Reset and recharge – family nutrition strategies

By Shauna Schultz, RD

It’s time to say goodbye to those lazy days of summer when we live with less structure, and hello to school days and schedules… which means time to give more thought to family meals, snacks, and school lunches. Prioritizing healthy meals is important. One-third of children ages 2-19 and more than two-thirds of adults are overweight or obese (Centers for Disease Control, 2015). If being overweight is accompanied by inadequate fruit and vegetable intake and too much fat, salt, and sugar, then healthy meals become essential.
Not sure where to start? Making changes as a family is key, and involving everyone in planning is helpful. Giving family members options and ownership over choices while keeping the experience fun is important in fostering positive feeling towards healthy foods. The following strategies will help you develop healthy eating habits and make the year ahead a breeze!
Variety with Veggies
Do you find yourself choosing the same two or three vegetables because they’re easy to prepare or your children prefer them? Potatoes (in the form of French fries) and canned tomatoes are the most commonly consumed vegetables in the country, but it’s time to branch out … and literally eat the rainbow! Make it a goal to include dark green, orange, and other brightly-hued vegetables each week. The greater the variety, the more vitamins, minerals, and antioxidants you’re getting. Exposure to a variety of vegetables early on also increases the likelihood your children will accept them. It may take several attempts, though, so don’t give up!
Find Your Inner Chef
An estimated 43% of all food spending is spent on food away from home (United States Department of Agriculture, Economic Research Service, 2012). Apart from being more expensive, food prepared outside the home is typically higher in calories, fat, sodium, and sugar. Make it a goal, then, to set aside one day a week for meal planning and involve the whole family. Need meal ideas? Try a BriarPatch cooking class!
Include More Plant-Based Meals
Did you know that plant-based diets are associated with a 62% reduced risk of developing Type 2 diabetes and a 13% reduced risk of developing heart disease (Academy of Nutrition and Dietetics, 2016)? They’re also associated with a lower overall cancer risk and body mass index. Including more whole, plant-based foods is a low-risk intervention that increases your vitamin, mineral, and fiber intake, and helps decrease inflammation. Make it a goal to eat plant-based at least one day a week and explore delicious new meals!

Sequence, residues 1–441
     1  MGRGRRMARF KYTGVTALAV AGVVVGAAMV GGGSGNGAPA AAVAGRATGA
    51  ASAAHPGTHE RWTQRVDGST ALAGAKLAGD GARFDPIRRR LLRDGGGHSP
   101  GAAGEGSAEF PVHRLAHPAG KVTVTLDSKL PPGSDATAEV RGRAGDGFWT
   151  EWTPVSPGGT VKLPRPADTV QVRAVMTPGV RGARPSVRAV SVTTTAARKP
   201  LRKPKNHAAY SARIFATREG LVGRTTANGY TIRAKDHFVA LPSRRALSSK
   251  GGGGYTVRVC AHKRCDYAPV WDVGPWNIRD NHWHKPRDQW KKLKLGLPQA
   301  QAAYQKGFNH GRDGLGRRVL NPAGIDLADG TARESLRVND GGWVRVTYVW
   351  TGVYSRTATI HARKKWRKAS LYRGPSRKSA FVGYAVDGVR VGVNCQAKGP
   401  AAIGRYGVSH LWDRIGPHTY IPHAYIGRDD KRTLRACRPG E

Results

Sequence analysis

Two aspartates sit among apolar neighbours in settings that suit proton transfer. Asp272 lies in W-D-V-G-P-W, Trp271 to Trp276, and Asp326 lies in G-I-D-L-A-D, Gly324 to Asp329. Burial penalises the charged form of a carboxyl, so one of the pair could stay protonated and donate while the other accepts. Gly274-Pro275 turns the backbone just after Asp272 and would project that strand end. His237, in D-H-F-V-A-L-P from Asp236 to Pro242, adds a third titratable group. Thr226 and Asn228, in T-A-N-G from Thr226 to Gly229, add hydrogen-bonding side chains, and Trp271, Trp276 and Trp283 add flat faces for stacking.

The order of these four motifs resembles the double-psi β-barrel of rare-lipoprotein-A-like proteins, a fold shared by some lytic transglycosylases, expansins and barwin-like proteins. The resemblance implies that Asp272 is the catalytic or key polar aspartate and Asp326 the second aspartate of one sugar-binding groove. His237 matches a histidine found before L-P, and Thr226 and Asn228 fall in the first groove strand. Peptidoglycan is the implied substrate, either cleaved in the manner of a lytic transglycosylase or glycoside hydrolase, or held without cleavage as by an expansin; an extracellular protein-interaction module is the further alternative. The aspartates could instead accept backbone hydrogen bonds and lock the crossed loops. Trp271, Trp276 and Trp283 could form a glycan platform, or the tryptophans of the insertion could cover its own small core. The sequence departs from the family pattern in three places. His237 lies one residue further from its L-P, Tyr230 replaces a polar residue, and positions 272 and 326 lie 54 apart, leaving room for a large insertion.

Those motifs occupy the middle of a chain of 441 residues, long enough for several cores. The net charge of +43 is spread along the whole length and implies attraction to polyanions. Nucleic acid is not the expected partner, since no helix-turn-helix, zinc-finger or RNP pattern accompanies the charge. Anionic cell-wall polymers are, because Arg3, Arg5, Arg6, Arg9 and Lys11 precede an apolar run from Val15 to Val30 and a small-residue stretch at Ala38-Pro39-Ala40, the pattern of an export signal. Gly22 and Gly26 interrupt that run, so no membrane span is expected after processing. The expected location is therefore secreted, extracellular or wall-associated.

Smart Snacking
Annual snack food sales in North America reached $124 billion, with sweet and salty snacks dominating sales (Nielson Holdings, 2014). Given that about one-quarter of a teenager’s total calorie intake comes from snacks, marketing to children and parents is big business. Even snacks that are advertised as being healthy, though, are better off left on the shelf since they usually don’t compare to homemade snacks. Make a goal to prepare snacks at home that help you reach nutrition goals. Try simple grab-and-go options like apple slices with almond butter, yogurt and berries, popcorn, unsalted nuts and dried fruit, roasted chickpeas, or avocado on toast.
It’s never too late to make healthy changes! Start by making a few changes at a time and enjoy a healthy foundation for years to come. For a yummy and nutrient-dense snack idea, try the following recipe, it feels indulgent, yet is a good source of healthy fats, protein, and fiber.

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